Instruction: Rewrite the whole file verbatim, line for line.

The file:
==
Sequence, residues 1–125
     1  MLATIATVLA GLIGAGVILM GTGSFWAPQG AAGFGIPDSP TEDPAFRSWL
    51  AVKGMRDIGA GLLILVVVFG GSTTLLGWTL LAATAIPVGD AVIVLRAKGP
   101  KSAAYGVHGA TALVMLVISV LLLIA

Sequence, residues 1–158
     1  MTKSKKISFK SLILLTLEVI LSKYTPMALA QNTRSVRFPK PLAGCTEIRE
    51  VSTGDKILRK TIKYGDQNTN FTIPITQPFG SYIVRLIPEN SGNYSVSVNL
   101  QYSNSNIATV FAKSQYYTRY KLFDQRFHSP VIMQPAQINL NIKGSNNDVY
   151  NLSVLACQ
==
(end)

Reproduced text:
Sequence, residues 1–125
     1  MLATIATVLA GLIGAGVILM GTGSFWAPQG AAGFGIPDSP TEDPAFRSWL
    51  AVKGMRDIGA GLLILVVVFG GSTTLLGWTL LAATAIPVGD AVIVLRAKGP
   101  KSAAYGVHGA TALVMLVISV LLLIA

Sequence, residues 1–158
     1  MTKSKKISFK SLILLTLEVI LSKYTPMALA QNTRSVRFPK PLAGCTEIRE
    51  VSTGDKILRK TIKYGDQNTN FTIPITQPFG SYIVRLIPEN SGNYSVSVNL
   101  QYSNSNIATV FAKSQYYTRY KLFDQRFHSP VIMQPAQINL NIKGSNNDVY
   151  NLSVLACQ